I’m here to say that it is your right to demand the best from all of us. To demand the best from the candidates, to demand the best from the media, and to demand the best from your elected officials. It is your right as Americans. You are owed nothing less.
In many ways running for president has turned into a glorified reality show -- and it has to stop. For all our sakes.
I do believe in the simple but eloquent message of Mr. Lincoln. I’m not trying to fool anyone. Rather, I’m just searching for answers the same as you and understand that if your voice is not the integral part of my campaign, then I have failed.
Look, the simple truth that petrifies so many candidates is that we don’t have all the answers. Such a thing is impossible. I don’t pretend to have all the answers and if someone else says that he does, well, that’s reason enough not to vote for him in my book.
I simply can’t be all things to all people. No one can -- and no one but our Creator -- has all the answers.
You know that. You understand that. You, the voters, accept the fact that real human beings with real human frailties are running for president. You don’t expect us to be perfect.
But you do expect us to be honest, to be open, to admit and learn from our mistakes, to be beholden to no one, and to have only your best interests at heart.
You do understand that, but the “gotcha game” of partisan politics and life under the media microscope, makes most presidential campaigns overly cautious to a fault.
One mistake, one sentence taken out of context, one failed attempt at humor, one stumble, and the other side -- along with the insatiable 24 hour news cycle – makes you the fodder for the late night comedians, sees you being ripped apart on various blogs, starring on “YouTube” for the wrong reasons, and being forced to spend time and precious resources in the defense of something that should never have become an issue.
Obviously, the election of the next president will have an enormous impact on the future direction of our nation, and yet, we have allowed that process to be reduced, in many ways, to a running joke. To go for the cheapest of laughs, or score the cheapest of politic points, there are those in our country who will gladly sacrifice the serious for the inane – who will not hesitate to put their self interests before the national good. Even, as terrorism looms.
Sadly, while this has become the norm in the politics of today, it is a trend that is robbing the American people of the time, information, and security they desperately need to make a reasoned choice.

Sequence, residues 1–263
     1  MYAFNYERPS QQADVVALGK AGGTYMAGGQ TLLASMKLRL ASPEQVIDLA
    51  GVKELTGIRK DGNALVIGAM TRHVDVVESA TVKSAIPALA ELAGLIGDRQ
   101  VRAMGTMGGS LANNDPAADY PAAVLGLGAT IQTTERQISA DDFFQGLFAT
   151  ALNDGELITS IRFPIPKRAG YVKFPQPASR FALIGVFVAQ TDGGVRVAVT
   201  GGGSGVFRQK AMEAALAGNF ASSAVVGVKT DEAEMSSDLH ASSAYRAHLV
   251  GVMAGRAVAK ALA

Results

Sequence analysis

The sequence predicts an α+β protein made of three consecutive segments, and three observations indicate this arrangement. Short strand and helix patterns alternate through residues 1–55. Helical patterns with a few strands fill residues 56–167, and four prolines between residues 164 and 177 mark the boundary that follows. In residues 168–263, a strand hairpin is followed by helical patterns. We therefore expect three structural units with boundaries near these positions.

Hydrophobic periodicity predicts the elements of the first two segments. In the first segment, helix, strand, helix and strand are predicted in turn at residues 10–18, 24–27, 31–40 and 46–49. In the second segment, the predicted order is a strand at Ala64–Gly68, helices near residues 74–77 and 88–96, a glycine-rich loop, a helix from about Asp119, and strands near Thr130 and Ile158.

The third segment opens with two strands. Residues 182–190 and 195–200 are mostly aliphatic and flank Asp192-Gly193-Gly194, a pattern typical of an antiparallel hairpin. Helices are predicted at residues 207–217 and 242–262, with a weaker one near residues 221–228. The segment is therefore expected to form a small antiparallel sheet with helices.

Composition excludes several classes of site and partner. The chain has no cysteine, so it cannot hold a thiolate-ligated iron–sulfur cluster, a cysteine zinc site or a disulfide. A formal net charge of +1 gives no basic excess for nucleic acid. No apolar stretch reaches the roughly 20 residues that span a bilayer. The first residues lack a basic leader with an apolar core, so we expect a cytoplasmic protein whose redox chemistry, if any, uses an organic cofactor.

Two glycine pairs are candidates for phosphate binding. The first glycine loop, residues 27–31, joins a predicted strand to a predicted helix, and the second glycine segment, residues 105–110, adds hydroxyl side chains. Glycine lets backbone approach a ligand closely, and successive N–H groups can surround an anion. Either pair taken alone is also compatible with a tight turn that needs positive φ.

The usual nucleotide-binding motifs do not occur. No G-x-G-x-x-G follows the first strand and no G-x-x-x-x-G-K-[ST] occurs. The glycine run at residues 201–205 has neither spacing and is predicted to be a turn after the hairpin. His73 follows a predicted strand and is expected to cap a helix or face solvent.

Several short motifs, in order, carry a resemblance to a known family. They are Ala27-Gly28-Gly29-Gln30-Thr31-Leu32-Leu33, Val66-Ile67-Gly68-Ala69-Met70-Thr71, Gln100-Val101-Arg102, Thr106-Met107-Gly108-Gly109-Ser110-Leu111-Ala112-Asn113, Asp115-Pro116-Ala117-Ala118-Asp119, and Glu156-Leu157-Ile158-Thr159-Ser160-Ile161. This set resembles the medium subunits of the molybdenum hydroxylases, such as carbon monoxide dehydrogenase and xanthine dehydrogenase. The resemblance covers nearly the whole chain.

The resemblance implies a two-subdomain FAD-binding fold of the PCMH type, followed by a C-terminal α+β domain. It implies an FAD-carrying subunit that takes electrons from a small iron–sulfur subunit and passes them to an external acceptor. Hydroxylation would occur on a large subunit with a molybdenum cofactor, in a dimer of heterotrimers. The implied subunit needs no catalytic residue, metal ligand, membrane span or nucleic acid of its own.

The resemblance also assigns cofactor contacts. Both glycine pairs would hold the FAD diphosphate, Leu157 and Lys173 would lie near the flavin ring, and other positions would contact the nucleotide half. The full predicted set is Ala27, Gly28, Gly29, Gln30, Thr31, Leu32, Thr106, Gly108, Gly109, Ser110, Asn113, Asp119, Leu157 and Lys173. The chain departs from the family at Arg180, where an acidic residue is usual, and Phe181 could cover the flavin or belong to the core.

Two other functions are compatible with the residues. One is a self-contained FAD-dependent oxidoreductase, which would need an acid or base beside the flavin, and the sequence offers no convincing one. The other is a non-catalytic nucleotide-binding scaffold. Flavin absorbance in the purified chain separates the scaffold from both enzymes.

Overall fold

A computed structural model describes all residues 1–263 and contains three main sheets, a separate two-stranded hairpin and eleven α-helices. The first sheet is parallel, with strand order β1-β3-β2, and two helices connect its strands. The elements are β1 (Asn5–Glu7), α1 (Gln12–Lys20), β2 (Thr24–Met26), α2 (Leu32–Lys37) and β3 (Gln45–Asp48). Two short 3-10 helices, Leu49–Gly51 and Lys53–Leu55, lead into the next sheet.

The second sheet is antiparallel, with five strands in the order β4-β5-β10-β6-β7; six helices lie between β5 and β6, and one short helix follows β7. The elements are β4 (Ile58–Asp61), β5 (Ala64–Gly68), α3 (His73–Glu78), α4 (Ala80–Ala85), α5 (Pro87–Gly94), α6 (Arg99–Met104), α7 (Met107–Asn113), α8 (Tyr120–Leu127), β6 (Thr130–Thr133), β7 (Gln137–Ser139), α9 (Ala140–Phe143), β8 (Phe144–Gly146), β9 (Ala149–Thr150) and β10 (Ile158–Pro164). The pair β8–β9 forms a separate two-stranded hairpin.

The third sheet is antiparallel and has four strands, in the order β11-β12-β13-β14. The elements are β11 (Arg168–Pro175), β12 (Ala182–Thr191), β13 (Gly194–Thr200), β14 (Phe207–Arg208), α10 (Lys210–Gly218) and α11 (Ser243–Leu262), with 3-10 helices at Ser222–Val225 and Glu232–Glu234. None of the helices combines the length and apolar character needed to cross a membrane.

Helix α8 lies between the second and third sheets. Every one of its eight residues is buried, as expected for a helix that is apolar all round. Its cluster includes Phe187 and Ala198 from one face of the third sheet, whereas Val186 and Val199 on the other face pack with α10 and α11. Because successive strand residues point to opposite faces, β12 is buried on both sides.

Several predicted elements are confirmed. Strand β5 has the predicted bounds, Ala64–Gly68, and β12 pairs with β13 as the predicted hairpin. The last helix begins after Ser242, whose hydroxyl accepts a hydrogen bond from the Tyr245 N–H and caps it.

When asked, ‘Why are you running for president?,’ my answer is simply and unapologetically, because I love my country. I love my country.
I deeply believe that the United States of America is the greatest nation on the face of the Earth. Period. I believe it is so because of her people. A people who, over the course of our storied history, have witnessed a revolution, the heartbreak of civil war, natural disasters, economic catastrophes, great personal loss, the ravages of world wars, and of late, have seen the very face of evil as terrorism has visited our shores.
Through all of this, the American ideal has not only endured, but grown stronger for the experience. It has done so because of the millions of our fellow citizens who have never forgotten that what makes our country great is not words, but faith. Faith in the abiding promise that is our republic. No matter their background, no matter their differences, their common bond has always been their steadfast belief in the goodness that is duty, honor, sacrifice, responsibility, country, family and God.
While some in our country would turn those sacred words into a punch line, I choose to believe that they are the pillars of our nation. Those honored tenets define the American spirit and certainly underscore the growing optimism I have for our very future.
In closing, I would stress that I am truly and deeply humbled to be part of this process and believe, more strongly than ever, that this election must be returned to the American people.
Especially in a post 9-11 world, they want and deserve, ideas. They want and deserve, answers. They want and deserve, real conversation. They want and deserve, honesty.
For the sake of our nation, they must not be denied. You must not be denied.
Thank you. God bless you and God bless the United States of America.”